A quick brain dump, excluding things already mentioned when I started writing this.
I'm not really considering how much it would cost. Simply what you ought to have to be able to provide a 99.9% SLA on your network (power outages excepted), and minimising future expansion costs.
Server Room/Main Comms Room
At least 4x 16Amp circuits to you main comms/server room.
Separate AirCon Circuits.
At least 2 Aircon Units (configured to auto start after a powerfailure) large enough to cool the room when only one is running. Specifiy required temperature at device air intake vents (e.g. 19C).
Nothing else on the circuits.
Depending on the topology of the new network, between two and four 42U racks , with sufficient space to walk around them.
Lights out Management for your PDU's Servers and Core Switches.
Virtualised Servers, with shared storage, no host running at more than 2/3 capacity.
Around the site:
Properly designed cable routes. for both copper and fibre. At least 8 Core 10GbE rated Fibre to the core.
10GBe switch ports from secondary Cabs to Core.
Link secondary comms rooms in pairs by alternative routes of fibre, to provide a backup path to your main comms room in the event of a fibre break or switch failure. At least 4 Core 10Gbe Rated.
2x LACP 1Gbe switch ports for the alternative routes.
Depending on the network topology (i.e. switch density per location) you may also need aircon in each comms room.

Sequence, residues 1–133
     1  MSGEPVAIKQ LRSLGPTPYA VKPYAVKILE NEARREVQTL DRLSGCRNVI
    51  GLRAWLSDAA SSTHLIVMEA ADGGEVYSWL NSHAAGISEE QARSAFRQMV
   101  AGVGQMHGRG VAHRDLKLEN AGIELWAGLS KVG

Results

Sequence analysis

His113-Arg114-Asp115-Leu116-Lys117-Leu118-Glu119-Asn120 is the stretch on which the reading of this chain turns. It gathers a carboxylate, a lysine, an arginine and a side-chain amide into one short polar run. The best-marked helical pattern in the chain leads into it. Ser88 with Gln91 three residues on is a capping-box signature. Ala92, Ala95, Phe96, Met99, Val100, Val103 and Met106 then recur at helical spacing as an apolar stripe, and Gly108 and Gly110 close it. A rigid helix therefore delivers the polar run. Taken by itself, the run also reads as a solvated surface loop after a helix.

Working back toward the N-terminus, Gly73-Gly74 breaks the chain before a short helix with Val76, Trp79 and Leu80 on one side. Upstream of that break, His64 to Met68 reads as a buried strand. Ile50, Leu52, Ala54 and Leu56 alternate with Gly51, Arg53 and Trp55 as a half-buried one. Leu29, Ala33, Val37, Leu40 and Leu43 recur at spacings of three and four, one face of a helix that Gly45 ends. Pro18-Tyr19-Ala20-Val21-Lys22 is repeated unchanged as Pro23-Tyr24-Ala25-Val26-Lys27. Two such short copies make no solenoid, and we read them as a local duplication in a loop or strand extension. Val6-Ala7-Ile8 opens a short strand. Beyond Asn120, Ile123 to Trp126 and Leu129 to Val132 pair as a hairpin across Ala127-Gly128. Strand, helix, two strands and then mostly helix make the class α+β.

UPS for each comms room, especially if you are going wireless or voip in a big way.
Four data points in each classroom at high level. (two WAPs, projector, ATV or similar) Four to Six data points at the teacher desk position. This might seem overkill, but it allows you to repurpose two into uplinks for a switch if you ever want to convert the room to ICT suite.
Lots of data points in the front office. Lots of Data points for interfacing with CCTV and Access Control. Floor mounted points for Cashless Catering. Data Points for Cashless Catering recharge stations.
Minimum 1.5 Power sockets per Data Point.
Minimum 3 Data Points per user (office space)
Minimum 36 Data Points for a 30 Seat ICT Suite. (plus the allocation for a standard classroom)
Assuming VOIP and Wifi, and potentially CCTV: Power over Ethernet. 802.11at. Ideally be able to provide 30W per port. Plan for 3 POE ports per classroom + 1 port per department, + 1 port per administrative member of staff + Number of CCTV Cameras +10%. Midspan is usually more cost effective than actual PoE switches. Make sure they fully support 1GbE devices.